No Casablanca ceiling fan better exemplifies the perfect synergy of innovation, artistry and craftsmanship than the Heathridge. Quite simply, it is a masterpiece among the exceptional. This is the story of how it came to be, from inception to completion.
The Heathridge began with an idea for fan housing that—initially, at least—seemed almost basic: a housing made of wood. Real wood that, according to Christophe, “would celebrate the rustic, but still be versatile enough to go with a range of decors.”
But the logistics of using real wood for a fan housing proved challenging indeed. Christophe ordered various types of wood. He cut and carved this way and that. He cross-sectioned large chunks and explored how a fan motor might fit inside them. And of course, he consulted with his design team, with Casablanca engineers and with people outside the world of ceiling fans. After a time, however, the jury was in: “A wood housing just wasn’t going to work,” said Christophe. But that didn’t mean giving up. When Casablanca designers have an artistic vision, they find a way to bring that idea to life.
The most important aspect of his vision was to create a particular look with the wood grain itself, so Christophe made certain decisions based around that objective. Inspired in part by the long-weathered condition of wooden fences—the kind you can still find out in the rural West—Christophe knew that such a look simply couldn’t be imitated by drawing it. “The best way to imitate nature is not to copy it,” said Christophe, “but to use nature itself.” He would have to carve the wood, create a weathered look somehow—and then make a cast of it.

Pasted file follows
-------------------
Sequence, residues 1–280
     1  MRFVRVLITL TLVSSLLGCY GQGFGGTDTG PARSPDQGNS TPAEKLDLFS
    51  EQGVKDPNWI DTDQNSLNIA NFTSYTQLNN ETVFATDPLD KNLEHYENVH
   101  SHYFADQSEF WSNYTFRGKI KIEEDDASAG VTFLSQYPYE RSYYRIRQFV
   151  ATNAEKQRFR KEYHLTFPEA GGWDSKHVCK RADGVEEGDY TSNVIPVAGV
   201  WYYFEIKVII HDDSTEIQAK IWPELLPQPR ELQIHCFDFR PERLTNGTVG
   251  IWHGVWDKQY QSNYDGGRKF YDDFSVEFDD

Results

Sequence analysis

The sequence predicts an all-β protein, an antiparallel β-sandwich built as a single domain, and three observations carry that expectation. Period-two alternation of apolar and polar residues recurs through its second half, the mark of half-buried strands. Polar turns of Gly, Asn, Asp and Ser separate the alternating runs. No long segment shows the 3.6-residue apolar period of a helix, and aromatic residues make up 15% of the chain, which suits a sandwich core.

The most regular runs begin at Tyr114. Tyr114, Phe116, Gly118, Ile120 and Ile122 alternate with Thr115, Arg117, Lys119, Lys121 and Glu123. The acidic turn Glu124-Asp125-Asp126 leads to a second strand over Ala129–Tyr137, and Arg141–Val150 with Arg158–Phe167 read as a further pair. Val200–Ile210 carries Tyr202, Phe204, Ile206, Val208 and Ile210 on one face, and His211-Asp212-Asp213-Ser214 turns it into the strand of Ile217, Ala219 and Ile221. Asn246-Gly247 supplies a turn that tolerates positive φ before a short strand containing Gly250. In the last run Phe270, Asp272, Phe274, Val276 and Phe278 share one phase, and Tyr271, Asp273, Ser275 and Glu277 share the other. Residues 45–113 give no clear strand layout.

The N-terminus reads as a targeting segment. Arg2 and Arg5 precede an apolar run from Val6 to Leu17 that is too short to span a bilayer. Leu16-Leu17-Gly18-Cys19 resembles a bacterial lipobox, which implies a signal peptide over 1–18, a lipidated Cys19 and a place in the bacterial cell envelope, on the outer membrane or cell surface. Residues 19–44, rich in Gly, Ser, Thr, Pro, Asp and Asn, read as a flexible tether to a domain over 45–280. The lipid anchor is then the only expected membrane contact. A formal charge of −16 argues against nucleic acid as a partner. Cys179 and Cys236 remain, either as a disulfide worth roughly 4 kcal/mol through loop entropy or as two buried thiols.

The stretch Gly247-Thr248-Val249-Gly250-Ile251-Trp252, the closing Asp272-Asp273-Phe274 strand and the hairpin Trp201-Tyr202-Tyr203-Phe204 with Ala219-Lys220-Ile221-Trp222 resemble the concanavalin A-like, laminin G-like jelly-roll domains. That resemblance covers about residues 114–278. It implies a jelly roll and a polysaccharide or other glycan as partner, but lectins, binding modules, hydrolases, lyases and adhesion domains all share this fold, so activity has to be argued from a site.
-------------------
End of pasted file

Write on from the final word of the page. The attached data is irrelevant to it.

The first step was to sculpt the wood into the shape of the housing. He did so by hand-turning it on a lathe, then wire-brushing the wood to create deeper grooves. The next step required true innovation: How to weather the wood in a way that replicated decades of exposure to sun, wind, ice and rain? The solution involved “opening” the grain, eroding the inherently softer aspects of the wood (as would occur in a natural weathering process) while retaining the harder elements to accentuate the grain’s peaks and valleys. He then used different finishes to make that contrast and depth even more pronounced. With the faux finish perfected, the wood housing could be cast and molded out of a more resilient composite.
Christophe’s vision for the Heathridge was far from complete, however. What about the blades? Here again, Christophe wanted to use solid wood—not a laminate overlay. He did just that, hand carving the planks and opening the grain as he had with the housing. The ultimate challenge, though, was figuring out how to make the housing match the blades. They were, after all, made of different materials. After months of experimentation with different finishes, Christophe was satisfied. And the Heathridge was born.
Today, the Heathridge speaks to people as it spoke to Christophe from the beginning. There is a quality you can feel in the weight of the carved blades alone, but there is something else. Perhaps it is the fan’s nod to a more pastoral past while stepping exultantly into the present. The look of seasoned wood that has endured the elements over time and, rather than being forgotten, has become cherished.